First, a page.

Historically, the Secretary of State in Florida was elected by the public, but that changed in 1998, when constitutional changes removed that position from the elected Cabinet of the executive branch.
Now, 19 years later, Fernandina Beach Republican Sen. Aaron Bean wants to bring that position back into the Cabinet.
At the Senate Committee on Ethics and Elections meeting on Tuesday, Bean told his colleagues that the main motivation for his joint resolution (SB 882) is to add another member to the Cabinet, which currently consists of four members – the governor, attorney general, chief financial officer and agriculture commissioner.
“I always felt that it’s been odd,” Bean said. “We have some strange rules when it comes to voting with our cabinet,” referring specifically on the state rule that in two-two ties on Cabinet votes, the governor has to be on the prevailing side.
Bean said that fifth cabinet member needs to be “an independent Secretary of State who is accountable directly to the people.”
Concurring with Bean at the hearing was Sandra Mortham, who was Florida Secretary of State from 1995 to 1998, where she lost a bid for re-election in a GOP primary to Katherine Harris.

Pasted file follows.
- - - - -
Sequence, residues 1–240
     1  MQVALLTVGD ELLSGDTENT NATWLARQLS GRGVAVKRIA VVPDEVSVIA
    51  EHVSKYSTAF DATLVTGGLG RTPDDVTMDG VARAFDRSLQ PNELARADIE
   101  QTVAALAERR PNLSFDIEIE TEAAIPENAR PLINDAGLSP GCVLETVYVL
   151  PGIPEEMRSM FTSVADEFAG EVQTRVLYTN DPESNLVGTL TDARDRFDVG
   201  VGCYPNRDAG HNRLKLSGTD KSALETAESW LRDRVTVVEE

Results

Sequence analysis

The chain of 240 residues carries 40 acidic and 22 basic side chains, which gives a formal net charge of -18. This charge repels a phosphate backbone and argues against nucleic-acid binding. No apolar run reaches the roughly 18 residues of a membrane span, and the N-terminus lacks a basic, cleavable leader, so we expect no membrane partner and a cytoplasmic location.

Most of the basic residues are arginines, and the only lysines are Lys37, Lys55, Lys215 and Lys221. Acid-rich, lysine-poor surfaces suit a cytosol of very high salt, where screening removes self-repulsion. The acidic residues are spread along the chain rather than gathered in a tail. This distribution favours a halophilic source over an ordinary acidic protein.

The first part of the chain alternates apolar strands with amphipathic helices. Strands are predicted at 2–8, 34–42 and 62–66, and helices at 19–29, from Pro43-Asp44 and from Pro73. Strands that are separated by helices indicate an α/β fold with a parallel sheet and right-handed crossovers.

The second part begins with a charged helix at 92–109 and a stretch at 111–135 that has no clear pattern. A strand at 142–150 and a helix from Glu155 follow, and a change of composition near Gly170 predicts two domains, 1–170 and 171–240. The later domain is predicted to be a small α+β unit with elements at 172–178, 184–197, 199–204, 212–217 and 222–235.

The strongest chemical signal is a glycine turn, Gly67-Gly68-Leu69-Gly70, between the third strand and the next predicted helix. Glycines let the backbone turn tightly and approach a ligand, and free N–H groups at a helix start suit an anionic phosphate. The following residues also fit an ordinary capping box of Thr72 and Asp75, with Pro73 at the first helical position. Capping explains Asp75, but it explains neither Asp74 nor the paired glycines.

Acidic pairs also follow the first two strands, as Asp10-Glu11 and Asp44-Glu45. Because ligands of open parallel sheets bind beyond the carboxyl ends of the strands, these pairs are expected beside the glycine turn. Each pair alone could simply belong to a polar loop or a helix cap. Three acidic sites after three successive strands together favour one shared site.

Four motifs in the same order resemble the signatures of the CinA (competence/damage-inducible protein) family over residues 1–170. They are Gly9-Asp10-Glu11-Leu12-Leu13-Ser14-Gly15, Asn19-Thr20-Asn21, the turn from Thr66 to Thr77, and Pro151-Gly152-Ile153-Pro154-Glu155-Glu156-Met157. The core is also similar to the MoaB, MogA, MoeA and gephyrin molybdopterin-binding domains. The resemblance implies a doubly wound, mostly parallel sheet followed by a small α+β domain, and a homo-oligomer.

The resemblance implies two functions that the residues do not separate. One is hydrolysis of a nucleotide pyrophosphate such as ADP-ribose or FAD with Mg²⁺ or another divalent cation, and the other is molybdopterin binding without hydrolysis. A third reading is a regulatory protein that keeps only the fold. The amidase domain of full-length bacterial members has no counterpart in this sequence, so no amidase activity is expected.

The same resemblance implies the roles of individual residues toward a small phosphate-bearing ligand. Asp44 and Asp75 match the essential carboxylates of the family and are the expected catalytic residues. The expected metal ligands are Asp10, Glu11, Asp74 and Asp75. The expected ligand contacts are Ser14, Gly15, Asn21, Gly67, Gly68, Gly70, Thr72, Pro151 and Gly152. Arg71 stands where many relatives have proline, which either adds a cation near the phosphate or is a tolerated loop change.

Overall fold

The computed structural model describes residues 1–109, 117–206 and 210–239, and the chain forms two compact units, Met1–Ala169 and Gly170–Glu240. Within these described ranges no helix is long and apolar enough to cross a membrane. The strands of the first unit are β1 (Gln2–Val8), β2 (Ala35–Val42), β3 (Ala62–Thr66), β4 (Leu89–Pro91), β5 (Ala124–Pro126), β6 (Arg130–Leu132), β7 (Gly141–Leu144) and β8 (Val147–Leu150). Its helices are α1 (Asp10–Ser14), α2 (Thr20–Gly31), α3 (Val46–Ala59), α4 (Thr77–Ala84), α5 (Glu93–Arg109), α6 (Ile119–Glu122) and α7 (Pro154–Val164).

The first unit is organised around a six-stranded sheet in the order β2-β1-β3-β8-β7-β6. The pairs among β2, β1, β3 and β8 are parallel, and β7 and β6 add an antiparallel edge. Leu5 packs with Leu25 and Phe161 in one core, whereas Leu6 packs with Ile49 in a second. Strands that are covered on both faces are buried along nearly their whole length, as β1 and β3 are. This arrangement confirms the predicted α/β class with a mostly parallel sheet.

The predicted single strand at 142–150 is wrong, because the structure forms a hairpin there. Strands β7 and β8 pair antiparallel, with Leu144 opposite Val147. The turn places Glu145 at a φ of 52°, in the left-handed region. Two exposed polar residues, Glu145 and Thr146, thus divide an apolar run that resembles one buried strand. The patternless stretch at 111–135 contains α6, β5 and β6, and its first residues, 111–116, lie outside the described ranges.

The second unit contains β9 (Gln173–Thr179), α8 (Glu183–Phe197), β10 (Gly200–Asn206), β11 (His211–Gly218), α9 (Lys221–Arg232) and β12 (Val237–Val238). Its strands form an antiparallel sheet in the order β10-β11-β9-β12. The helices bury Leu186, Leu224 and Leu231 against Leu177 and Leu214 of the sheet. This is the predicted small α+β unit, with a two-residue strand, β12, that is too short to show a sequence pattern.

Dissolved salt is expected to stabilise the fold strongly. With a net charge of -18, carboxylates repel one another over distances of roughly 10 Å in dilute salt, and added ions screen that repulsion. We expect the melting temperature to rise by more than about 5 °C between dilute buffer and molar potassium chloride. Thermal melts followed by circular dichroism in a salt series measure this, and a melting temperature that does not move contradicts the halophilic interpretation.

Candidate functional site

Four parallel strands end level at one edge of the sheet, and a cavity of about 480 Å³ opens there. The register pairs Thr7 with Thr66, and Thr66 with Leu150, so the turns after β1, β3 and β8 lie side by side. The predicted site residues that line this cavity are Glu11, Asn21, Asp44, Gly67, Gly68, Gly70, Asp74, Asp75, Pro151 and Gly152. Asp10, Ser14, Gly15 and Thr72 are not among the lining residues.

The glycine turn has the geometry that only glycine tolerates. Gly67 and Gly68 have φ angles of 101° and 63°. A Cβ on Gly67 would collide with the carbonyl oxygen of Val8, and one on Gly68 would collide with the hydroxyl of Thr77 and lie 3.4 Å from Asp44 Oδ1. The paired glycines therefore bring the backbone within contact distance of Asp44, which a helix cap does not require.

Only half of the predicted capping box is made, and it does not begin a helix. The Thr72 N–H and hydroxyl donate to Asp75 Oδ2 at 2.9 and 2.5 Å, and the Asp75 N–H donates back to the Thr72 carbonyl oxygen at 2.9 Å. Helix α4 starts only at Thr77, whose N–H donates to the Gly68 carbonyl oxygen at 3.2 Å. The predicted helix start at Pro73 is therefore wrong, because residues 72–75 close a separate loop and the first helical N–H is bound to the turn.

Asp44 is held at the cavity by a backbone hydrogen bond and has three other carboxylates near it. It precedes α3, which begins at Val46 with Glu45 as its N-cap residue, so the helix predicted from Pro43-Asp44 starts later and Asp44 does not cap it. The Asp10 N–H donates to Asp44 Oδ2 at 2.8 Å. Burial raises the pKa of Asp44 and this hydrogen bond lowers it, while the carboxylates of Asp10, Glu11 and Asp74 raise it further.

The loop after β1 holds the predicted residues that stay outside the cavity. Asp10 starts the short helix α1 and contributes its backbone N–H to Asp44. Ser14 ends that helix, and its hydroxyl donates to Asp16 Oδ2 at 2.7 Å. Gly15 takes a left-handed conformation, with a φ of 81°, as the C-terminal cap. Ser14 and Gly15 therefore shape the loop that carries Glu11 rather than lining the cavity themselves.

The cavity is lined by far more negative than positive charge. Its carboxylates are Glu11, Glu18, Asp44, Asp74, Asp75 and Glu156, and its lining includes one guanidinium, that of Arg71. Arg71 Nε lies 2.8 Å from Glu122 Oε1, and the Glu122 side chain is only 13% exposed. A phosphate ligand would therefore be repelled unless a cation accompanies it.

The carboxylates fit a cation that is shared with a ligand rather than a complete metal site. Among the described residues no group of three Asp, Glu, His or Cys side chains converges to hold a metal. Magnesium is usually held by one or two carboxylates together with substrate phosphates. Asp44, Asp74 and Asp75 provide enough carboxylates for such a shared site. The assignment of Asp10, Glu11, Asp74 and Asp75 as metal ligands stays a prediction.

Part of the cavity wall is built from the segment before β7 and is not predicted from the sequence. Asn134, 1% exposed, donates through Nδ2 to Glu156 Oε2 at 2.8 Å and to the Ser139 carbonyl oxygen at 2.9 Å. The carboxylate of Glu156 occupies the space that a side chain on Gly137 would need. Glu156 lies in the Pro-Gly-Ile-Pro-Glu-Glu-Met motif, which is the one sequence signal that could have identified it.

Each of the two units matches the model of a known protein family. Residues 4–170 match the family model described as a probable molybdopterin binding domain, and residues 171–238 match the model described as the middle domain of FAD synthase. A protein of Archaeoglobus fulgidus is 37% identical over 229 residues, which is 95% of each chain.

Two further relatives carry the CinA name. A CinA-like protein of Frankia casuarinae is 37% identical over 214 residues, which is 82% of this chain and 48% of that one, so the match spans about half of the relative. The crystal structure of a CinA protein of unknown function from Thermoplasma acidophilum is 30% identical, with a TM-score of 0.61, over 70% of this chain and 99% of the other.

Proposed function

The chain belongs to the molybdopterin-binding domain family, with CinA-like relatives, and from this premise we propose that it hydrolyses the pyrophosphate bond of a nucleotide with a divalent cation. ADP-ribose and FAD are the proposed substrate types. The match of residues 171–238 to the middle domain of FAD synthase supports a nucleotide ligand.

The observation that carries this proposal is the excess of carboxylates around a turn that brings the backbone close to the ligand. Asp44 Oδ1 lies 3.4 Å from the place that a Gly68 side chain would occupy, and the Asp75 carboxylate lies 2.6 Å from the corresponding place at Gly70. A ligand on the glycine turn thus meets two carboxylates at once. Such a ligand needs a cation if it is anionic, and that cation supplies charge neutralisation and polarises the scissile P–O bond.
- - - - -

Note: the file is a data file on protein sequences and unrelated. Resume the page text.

“In my view, this is an office that should be accountable to the public,” Mortham said. “Over the last 15 years, there have been multiple incidents that I’ve watched, where it’s been difficult… for the Secretary of State at the time to make decisions because they are not accountable directly to the publc, but rather they’re accountable to the person who has appointed them.”
Insisting that she wasn’t “casting aspersions” on the governors who have had the ability to handpick their own Secretary of State nominees over the years, she said it makes it “very, very difficult” sometimes for them on important issues, referring to those officers.
Mortham also said it would be better for local supervisors of elections to be dealing with a state leader who has been popularly elected and not appointed by the governor.
The measure passed easily in the committee. To make it to Governor Scott’s desk, it would have to earn at least 60 percent support in the House and Senate (the House bill is being sponsored by Martin County Republican Rep. Gayle Harrell). Then it would go on the ballot in 2018. If Floridians voted to support it, the first election for Secretary of State would take place during the 2022 election cycle.